With Memorial Day in our rear view mirror, summer is finally here! That means vacations, flexible work schedules and a relaxed dress code, right?
I was in NYC this week for a client meeting and was sitting in a café eating breakfast. There was a group of individuals at the table next to mine and it was obvious that they were preparing for a presentation. Everyone in the group had on dark suits, white shirts and/or blouses and ties. The same goes for here in Washington, DC., as it tends to be very conservative looking. However, I have a colleague who is based in Silicon Valley and won’t be caught dead in a suit and tie. Even when he travels to Washington, DC, “dressing up” means putting on a sport coat over his jeans.
What’s right? What’s not right? What works for your organization? Why should we even care?
They’re all great questions that my clients and colleagues have all the time. With the pending summer months, discussions have revolved around what’s appropriate for summer? Should there be a more relaxed dress code? What is considered appropriate business attire?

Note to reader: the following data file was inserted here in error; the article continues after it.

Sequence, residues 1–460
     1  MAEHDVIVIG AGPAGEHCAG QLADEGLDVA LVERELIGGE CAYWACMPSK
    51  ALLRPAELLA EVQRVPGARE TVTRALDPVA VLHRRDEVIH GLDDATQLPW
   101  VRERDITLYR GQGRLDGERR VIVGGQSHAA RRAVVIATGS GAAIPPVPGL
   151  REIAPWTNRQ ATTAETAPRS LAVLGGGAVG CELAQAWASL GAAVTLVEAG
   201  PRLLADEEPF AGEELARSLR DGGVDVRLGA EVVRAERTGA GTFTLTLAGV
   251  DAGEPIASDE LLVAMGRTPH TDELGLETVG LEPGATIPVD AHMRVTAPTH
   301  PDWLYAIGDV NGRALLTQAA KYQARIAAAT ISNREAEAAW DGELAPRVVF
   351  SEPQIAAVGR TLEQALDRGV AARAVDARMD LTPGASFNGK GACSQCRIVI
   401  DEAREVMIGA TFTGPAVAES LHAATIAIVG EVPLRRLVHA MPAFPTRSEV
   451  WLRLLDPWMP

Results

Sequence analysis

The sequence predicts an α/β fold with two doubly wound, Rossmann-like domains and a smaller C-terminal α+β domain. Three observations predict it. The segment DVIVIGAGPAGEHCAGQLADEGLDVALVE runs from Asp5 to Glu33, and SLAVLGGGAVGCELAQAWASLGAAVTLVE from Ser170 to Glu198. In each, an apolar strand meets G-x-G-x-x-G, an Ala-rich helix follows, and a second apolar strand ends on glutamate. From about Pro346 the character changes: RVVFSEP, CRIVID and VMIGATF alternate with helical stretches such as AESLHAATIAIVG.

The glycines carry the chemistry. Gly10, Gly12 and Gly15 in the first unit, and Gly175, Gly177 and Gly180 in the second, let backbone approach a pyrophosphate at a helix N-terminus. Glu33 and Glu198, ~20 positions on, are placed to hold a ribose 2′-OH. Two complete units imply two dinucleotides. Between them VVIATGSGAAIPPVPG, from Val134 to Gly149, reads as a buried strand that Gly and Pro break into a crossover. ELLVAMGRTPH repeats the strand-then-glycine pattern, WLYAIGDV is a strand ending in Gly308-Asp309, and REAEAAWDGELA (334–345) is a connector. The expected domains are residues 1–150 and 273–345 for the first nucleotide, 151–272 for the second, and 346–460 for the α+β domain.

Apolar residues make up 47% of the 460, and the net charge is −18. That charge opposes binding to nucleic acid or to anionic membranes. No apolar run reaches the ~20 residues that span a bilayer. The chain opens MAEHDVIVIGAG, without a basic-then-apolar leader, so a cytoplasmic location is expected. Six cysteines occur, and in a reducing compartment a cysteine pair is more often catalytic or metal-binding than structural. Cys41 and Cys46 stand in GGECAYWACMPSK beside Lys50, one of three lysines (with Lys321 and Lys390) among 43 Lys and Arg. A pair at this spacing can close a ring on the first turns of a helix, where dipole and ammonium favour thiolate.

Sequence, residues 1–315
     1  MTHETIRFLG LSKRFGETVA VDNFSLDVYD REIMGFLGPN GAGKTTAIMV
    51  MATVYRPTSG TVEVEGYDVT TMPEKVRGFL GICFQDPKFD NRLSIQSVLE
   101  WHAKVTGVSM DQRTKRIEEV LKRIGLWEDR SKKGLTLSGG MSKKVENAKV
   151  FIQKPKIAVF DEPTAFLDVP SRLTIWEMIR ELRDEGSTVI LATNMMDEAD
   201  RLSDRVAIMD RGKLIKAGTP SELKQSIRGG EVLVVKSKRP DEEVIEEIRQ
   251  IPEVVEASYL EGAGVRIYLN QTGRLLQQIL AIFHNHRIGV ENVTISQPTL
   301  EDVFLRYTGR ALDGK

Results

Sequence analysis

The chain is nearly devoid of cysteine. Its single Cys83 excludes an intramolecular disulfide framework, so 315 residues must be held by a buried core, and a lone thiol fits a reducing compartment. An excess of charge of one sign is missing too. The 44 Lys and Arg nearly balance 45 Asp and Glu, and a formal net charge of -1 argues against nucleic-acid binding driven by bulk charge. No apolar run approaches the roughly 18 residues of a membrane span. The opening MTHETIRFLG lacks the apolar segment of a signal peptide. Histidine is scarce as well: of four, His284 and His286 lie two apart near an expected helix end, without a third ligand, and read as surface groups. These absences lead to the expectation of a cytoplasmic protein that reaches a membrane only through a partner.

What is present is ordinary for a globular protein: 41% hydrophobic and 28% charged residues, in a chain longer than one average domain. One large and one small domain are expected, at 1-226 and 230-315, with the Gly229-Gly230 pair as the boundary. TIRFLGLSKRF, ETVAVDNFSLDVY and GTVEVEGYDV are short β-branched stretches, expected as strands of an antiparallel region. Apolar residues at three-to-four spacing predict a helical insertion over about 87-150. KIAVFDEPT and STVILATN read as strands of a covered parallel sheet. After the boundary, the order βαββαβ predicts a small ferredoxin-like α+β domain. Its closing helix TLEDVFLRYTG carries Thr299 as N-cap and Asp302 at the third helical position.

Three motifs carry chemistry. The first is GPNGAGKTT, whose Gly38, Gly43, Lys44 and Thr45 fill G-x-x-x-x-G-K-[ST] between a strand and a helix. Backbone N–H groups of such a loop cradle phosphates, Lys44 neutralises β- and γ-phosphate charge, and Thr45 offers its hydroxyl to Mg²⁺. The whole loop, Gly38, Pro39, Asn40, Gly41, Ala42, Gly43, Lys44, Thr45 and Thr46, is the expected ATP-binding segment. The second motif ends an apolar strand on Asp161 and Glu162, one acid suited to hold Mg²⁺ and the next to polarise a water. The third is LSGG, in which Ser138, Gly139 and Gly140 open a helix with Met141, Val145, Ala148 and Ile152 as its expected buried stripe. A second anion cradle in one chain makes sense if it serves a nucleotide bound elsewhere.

Let me give some practical thoughts. There’s nothing wrong with a casual dress code in the summer, but it’s helpful to communicate what is appropriate and what is not appropriate. For example, jeans are fine, but jeans cannot have holes or tatters in them. T-shirts are acceptable, but they must have sleeves. Sun dresses can possibly work, but if it is the same dress you are wearing to a night club after hours, perhaps select another option.
The importance of clearly articulating dress code “Do’s and Don’ts” is that it avoids anyone claiming interpretation of what they are wearing due to other circumstance, i.e., an employee says that they are being reprimanded not for their dress, but for other motives.
Most importantly, know your business. If you have clients that regularly come into your office and you have an open office space, maybe a casual environment isn’t appropriate. Or, if you have regular meetings with individuals who dress casually, jeans and sneakers might be appropriate. There’s a lot of studies and individuals that advocate one way or the other on how dress codes impact workforce performance, happiness and productivity, and frankly, I’m not here to argue one way or not. If you think your employees can be professional, maintain their level of productivity and increase their workplace happiness by allowing a more relaxed dress code in the summer (or the entire year) go for it!
Happy summer all!